The methods of clinical concept recognition generally fall into three categories: dictionary-based methods, rule-based methods and statistical machine learning methods [20]. Dictionary-based methods search through medical nomenclature to recognize the information. They were apt to work but often suffer from low recall for absence of an over-complete nomenclature. Rule-based methods require experts to list hand-coded rules, regular expressions and exceptions. They were not easy to achieve because of time-consuming in corpus observation and rule refinement. The statistical machine learning methods, including the Hidden Markov Model (HMM), Support Vector Machine (SVM), Maximum Entropy Markov Model (MEMM), and Conditional Random Fields (CRF), are reliant on annotated clinical corpora, which are often unavailable for the patient privacy and confidentiality requirements. Fortunately, the i2b2 had shared some annotated clinical data for the NLP task, which attracted variety of systems for medical concept extraction. In the competition, all but one of the best effective clinical concept extraction systems used CRF approach [21]. The CRF also has been proven to be the state-of-art model among these machine learning models [22]. Besides, the terminology-based recognition methods were popular if the dictionaries (such as SCT or UMLS) are easy to include [23, 24]. For lacking of effective Chinese clinical nomenclature, Wang [25] compared three models (the CRF, HMM and MEMM) for the task of symptom name recognition in traditional Chinese clinical records. It also indicated that the CRF outperforms the other two methods.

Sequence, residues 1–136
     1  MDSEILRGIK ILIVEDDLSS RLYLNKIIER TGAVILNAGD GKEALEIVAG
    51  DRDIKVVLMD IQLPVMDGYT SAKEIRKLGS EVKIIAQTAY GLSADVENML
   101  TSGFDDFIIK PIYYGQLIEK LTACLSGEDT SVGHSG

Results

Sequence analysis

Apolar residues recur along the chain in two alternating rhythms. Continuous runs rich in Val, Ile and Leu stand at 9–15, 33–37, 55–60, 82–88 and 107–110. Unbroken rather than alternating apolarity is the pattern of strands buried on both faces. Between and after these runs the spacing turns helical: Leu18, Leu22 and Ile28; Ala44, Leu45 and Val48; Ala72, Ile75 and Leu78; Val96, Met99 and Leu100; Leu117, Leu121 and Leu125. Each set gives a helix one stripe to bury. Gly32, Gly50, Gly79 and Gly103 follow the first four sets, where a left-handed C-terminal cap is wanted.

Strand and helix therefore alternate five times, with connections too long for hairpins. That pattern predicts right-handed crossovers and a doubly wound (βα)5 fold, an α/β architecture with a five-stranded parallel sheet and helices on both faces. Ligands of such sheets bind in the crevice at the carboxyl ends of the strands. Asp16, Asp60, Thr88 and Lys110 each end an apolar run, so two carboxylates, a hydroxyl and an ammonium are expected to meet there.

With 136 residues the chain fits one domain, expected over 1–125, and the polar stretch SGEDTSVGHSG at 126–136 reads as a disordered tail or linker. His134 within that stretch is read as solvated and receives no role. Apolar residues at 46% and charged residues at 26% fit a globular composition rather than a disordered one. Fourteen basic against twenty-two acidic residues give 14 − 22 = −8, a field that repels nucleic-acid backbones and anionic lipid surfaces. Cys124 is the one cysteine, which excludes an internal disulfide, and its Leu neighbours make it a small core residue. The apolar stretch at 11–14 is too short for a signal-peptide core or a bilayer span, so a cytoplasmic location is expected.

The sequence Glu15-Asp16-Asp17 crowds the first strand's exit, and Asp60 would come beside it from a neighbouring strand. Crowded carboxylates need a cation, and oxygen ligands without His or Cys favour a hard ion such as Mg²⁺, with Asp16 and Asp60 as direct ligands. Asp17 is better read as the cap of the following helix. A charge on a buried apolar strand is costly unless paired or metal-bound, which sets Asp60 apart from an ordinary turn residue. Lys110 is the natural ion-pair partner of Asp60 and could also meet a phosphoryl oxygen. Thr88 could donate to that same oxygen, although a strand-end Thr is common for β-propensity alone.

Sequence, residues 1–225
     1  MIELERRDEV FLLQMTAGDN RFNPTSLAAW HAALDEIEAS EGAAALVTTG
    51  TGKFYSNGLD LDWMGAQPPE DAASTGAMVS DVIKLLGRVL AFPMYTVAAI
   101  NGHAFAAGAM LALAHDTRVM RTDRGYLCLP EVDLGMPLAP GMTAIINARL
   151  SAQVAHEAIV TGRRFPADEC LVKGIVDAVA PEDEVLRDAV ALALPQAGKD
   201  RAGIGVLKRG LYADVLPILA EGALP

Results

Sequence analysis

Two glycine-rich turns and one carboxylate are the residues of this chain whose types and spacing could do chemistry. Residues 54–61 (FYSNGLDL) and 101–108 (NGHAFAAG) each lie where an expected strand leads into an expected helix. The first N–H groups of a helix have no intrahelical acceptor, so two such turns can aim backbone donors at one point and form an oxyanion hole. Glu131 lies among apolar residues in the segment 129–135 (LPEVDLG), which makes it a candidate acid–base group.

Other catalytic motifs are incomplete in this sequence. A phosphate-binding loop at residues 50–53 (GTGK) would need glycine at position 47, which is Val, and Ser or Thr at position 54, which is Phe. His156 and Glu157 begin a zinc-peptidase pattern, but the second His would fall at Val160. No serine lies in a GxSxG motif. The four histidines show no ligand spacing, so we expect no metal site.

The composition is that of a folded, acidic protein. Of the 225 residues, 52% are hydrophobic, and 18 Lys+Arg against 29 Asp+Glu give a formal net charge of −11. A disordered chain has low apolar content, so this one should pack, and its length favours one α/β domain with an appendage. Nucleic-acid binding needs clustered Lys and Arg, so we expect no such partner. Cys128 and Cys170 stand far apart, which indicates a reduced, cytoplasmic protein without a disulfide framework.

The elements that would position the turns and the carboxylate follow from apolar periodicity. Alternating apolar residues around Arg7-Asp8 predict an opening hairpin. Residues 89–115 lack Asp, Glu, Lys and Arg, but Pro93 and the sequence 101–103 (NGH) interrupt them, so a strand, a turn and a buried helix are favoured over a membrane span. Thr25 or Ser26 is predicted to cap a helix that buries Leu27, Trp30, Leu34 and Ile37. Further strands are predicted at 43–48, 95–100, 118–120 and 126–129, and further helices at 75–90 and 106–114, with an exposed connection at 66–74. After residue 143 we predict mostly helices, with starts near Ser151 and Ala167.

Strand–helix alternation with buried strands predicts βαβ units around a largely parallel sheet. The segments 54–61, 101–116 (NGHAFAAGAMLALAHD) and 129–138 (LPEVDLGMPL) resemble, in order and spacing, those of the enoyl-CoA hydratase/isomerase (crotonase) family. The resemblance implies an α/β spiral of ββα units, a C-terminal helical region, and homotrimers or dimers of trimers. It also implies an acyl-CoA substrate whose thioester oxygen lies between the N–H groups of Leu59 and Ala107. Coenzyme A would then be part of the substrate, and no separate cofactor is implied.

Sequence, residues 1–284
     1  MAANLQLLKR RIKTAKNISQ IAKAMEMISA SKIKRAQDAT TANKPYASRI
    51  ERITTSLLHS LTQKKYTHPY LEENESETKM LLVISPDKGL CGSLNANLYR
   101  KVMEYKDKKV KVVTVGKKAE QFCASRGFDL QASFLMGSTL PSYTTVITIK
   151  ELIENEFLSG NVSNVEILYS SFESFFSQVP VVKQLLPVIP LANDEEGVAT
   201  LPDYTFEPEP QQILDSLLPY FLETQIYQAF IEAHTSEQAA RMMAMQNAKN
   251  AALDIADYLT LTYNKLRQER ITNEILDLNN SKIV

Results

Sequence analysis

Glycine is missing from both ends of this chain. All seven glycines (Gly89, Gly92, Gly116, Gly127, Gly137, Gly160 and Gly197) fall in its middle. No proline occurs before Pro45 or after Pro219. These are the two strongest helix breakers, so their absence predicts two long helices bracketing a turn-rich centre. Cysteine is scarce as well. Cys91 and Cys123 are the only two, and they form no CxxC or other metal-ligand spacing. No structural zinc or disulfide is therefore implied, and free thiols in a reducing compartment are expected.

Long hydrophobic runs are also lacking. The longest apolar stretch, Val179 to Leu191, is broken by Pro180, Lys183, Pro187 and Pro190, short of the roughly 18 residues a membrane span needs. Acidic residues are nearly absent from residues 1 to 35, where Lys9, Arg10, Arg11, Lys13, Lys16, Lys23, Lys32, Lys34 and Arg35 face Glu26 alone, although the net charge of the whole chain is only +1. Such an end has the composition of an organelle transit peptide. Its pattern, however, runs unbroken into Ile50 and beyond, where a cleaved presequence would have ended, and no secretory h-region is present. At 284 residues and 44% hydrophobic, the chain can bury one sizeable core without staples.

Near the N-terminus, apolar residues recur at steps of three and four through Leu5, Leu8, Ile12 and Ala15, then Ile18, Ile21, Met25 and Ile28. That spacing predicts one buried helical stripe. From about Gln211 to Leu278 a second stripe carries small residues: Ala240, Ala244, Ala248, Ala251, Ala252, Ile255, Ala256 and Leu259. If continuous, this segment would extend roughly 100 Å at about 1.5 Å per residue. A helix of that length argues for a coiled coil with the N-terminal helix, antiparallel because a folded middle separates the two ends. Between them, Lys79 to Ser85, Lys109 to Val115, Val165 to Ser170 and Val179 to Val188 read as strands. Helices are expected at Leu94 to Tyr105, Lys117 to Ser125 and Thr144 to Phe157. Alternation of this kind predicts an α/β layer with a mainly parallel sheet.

This study aims to address these issues of enriching the Chinese clinical nomenclature. The task mainly focus on the Clinical Finding hierarchy, a most important hierarchy of the 19 top level hierarchies in SCT, which represents the clinical observation, disease and disorder, assessment or judgment, and both normal and abnormal clinical state. Three aims of this research are:

  • To retrieve the daily used Chinese term of clinical finding (CTCF) from physician notes in CIS.

  • To map the CTCFs to the corresponding SCT concepts, which helps the SNOMED CT with Chinese synonyms enrichment (SCCSE).

  • To recognize the CTCFs in Chinese physician notes in CIS.


The first task is to enrich the SCT with Chinese synonyms, which includes the CTCF retrieving, categorization, and concept mapping. The second task is the CTCF recognition in physician notes (Fig. 1).

Fig. 1
figure 1

The system framework

Enriching the SNOMED CT with Chinese synonyms

Initial CTCF dictionary creation

For the absence of nature space among Chinese words, the word segmentation in complex clinical sentences is a great risk. However, for initial CTCF dictionary creation, huge amounts of brief sentences describing CTCFs, such as Chinese chief complaint (CCC) and Chinese impression diagnosis (CID), could be first analyzed. After a rule-based algorithm on them, some phrases (or potential CTCFs) could be roughly retrieved, known as CTCF candidates. Since most of CTCF candidates did not meet the CTCF criteria, only a subset of them were accepted as valid CTCFs across manual validation. Afterwards, the complex sentences such as history of present illness (HPI) were analyzed after the initial CTCF dictionary created.